I cannot agree that the criticisms apply equally to Shankara or to any other traditional teacher because traditional teaching by definition incorporates proven methods. Shankara most certainly DID insist that initial practice was needed in order to prepare the mind. He specifically stated that those without some preparation would never become enlightened; those with some might become enlightened but would not reap the associated benefits such as peace of mind etc, while those who were fully prepared could enjoy both.

Your assertion that I may be rebuking some teachers unfairly is not really justified I think because, in those essays etc where I do criticize teachers, the precise grounds upon which the criticism is based is always made clear. So, I guess the platitude would be ‘if the cap fits...’.

I hope that my next book, unfortunately not due out until next summer, will clarify this whole subject once and for all. It is entitled: “Enlightenment: the path through the jungle – a criticism of non-traditional teaching methods in advaita”.

Incidentally, my concern is not ‘obsessive’; I simply want to help all of those seekers who feel that they are not getting anywhere or, much worse, beginning to feel depressed or even suicidal in the light of some of the messages they are hearing at satsangs or reading in books.

Q: You mention the "no path" teachings and refer to neo-advaita.  This seems to be a sticking point for you.  It is interesting, as this understanding evolves, that, for the "person", there is definitely a path needed.  Whether that be reading, writing, scriptures, whatever, there is some sort of "polishing the stone" that seems to be needed.

I don't know what the stance of the "neo-advaita" teachers is, however I agree with you that the mind must go through a process in which all possibilities are exhausted - the mind becomes frustrated and gives up,  even on spiritual experiences, as these always come and go. 

At this point of exhaustion, a simple looking without thought occurs.  In this seeing, it may be clear that there never was a person to seek.  Of course it seemed like there was hence the search in the first place.  This seems to be the path. 

I also agree with you that there seems to be a period of integration - the old mental habits continue to arise and are seen in the clear space of knowing - immediately extinguished like a moth flying into a bonfire.

It all boils down to the fact that there is no separate self in the organism.  The human body is not much different from a tree or a cat - other than the advanced brain capable of logic.  In this logic we take what seems evident and place a belief that there must be some separate person in there.  If this is clearly seen, then all paths and all seeking and all problems drop away because there is no one there to do any of this.  It is only in the mind that suffering or enlightenment can occur.  Our true nature is that which is seeing, not anything seen.

A: Neo-advaita is not a ‘sticking point’ for me. The reason that I am particularly interested in it is that it is clear that many are confused by it and some very frustrated (even approaching the suicidal). I wanted to explain to such people how it can be that what the neos say can be essentially true yet no help at all. I have accordingly spent some significant time studying the problem and writing about it (book to appear next year).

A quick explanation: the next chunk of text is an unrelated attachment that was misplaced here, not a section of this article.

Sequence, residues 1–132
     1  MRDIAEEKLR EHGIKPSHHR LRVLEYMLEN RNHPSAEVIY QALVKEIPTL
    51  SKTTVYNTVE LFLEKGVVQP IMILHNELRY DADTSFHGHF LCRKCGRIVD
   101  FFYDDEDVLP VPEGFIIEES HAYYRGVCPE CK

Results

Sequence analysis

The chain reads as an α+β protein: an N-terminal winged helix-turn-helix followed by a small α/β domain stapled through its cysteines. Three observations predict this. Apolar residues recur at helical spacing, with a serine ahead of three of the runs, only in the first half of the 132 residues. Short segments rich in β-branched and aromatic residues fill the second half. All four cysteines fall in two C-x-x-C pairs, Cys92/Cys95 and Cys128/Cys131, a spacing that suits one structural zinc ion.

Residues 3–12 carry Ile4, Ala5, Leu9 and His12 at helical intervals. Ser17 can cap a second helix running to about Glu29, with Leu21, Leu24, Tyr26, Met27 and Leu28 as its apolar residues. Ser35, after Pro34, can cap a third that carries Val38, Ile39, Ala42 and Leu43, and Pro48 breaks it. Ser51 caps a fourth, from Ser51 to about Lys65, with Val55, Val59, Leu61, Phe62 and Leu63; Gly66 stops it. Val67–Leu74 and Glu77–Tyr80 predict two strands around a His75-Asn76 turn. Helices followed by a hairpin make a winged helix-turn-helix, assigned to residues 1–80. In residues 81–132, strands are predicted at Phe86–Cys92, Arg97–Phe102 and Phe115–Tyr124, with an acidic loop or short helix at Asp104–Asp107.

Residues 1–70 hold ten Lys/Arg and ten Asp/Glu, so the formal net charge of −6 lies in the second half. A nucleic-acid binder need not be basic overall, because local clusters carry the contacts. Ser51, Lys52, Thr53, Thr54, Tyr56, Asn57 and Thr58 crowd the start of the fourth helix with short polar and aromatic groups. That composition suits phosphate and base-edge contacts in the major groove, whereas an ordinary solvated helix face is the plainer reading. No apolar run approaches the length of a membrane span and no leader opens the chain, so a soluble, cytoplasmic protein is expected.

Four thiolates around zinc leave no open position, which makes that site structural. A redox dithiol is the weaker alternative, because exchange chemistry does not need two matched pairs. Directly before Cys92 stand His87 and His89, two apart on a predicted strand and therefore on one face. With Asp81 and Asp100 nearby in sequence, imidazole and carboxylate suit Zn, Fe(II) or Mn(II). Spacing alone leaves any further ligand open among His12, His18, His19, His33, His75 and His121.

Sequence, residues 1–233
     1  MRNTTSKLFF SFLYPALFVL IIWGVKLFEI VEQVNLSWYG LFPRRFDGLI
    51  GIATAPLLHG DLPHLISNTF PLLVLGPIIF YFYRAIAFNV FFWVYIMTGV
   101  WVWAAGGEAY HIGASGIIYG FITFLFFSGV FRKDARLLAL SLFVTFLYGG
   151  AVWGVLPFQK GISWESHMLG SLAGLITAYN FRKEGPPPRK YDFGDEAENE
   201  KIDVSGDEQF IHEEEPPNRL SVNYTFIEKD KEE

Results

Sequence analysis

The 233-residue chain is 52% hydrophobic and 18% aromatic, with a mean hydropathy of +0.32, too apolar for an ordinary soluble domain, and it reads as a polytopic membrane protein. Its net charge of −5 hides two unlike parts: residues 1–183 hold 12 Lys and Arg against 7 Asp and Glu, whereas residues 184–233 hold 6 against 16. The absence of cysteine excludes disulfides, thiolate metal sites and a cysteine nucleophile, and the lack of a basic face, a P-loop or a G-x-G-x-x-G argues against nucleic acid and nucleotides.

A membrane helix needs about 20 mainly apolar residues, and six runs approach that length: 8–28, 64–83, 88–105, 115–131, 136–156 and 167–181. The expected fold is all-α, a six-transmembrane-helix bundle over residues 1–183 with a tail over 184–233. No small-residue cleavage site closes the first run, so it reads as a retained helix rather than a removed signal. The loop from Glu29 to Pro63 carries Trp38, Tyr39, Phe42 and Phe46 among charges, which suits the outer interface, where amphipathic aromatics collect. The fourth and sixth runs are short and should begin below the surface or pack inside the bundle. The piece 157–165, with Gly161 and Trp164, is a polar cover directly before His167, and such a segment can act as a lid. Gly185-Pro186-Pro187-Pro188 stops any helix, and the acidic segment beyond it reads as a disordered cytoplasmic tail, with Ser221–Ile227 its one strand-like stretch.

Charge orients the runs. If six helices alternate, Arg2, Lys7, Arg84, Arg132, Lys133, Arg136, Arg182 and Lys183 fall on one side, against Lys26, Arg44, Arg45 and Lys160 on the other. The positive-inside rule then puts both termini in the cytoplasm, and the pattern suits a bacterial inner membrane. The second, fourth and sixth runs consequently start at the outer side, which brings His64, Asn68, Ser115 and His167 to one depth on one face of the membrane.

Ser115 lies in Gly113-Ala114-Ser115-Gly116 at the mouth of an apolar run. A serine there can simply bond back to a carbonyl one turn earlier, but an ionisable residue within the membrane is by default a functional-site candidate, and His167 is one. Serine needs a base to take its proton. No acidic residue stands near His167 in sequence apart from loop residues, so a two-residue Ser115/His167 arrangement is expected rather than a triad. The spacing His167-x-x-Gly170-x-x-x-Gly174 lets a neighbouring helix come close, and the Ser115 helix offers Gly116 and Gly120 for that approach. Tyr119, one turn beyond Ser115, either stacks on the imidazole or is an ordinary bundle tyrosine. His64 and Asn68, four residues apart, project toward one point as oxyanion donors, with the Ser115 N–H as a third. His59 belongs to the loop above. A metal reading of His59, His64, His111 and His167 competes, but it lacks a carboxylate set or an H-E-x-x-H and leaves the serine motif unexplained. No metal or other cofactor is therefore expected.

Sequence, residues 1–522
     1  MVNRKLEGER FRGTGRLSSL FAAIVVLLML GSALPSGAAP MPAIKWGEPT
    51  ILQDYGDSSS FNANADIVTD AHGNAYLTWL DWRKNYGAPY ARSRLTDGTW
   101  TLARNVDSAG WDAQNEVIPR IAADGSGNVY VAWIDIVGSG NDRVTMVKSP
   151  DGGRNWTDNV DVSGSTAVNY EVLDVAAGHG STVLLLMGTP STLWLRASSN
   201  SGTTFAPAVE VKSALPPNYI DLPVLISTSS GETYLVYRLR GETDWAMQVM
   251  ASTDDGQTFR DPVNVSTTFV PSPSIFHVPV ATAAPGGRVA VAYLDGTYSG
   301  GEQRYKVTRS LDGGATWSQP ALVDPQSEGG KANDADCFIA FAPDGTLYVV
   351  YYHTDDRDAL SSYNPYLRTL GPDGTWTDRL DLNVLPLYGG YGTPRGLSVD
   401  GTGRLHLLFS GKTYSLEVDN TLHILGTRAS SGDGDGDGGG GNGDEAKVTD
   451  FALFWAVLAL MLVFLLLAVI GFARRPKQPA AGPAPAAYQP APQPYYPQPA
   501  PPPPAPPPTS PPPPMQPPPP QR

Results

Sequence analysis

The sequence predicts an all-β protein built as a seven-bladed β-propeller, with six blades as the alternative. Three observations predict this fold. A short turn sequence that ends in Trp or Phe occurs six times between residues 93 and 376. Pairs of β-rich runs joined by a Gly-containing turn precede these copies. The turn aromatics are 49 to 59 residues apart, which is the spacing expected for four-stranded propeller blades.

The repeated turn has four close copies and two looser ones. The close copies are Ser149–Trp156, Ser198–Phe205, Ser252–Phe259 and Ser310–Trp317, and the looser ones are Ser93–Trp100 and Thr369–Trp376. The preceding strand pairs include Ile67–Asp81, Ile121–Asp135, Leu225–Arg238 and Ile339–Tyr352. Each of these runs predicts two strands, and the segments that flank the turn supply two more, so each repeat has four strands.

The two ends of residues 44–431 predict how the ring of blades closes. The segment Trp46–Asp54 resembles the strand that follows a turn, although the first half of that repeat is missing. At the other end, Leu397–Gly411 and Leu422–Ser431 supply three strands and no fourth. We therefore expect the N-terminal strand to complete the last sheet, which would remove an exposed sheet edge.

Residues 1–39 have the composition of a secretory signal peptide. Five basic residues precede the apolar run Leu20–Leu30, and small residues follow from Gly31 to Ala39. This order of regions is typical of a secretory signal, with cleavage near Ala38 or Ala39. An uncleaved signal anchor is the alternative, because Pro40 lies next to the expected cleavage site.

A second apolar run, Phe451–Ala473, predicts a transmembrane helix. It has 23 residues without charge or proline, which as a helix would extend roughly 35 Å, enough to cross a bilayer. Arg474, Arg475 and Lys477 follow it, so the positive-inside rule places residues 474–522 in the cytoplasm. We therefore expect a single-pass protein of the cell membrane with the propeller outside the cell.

On the specifics of what you write, I have never said that “the mind must go through a process in which all possibilities are exhausted - the mind becomes frustrated and gives up”. Enlightenment is of the mind, the self-knowledge that destroys the self-ignorance takes place in the mind. There is no frustration at all when advaita is taught correctly. On the contrary, it is a joyful process in which aspects that caused confusion are replaced by clarity. It is also the person that seeks enlightenment and the person that finds it, even though the ‘finding’ also includes the realization that there never was a ‘person’ in reality.

Q: Very well said.  Within the dream of being a person, delusion and enlightenment can arise.  Beyond both and clearly present NOW is our true nature - that in which suffering or bliss appears.  Although thoughts still arise, when the belief in the separate person falls away, suffering is known as false immediately in the light of knowing.

What I take to be "neo-advaita" is the concept that there is nothing to be done and no one to do it, hence you're already enlightened.  There is a false but very "real" wall of concept built around this person.  Many teachers, including Bob Adamson and Gilbert Schultz, who I'm most familiar with, spend a lot of time breaking through these concepts of a separate person in the world who suffers. 

It is then possible, if this is truly looked into deeply, that this false sense of self drops away, leaving the understanding that there never was a seeker in the first place.  The search was a chasing of the tail, however "necessary" in order to see through the mind and the web of illusion of the person.  This is what is meant by frustration and wearing out of the mind.  In seeing that all spiritual experiences eventually pass, the expectations and false beliefs of enlightenment fall away and there seems to be just a naked looking without thought, a noticing of this silent witnessing that's always going on and is not dependent on anything that may arise, whether enlightened or suffering.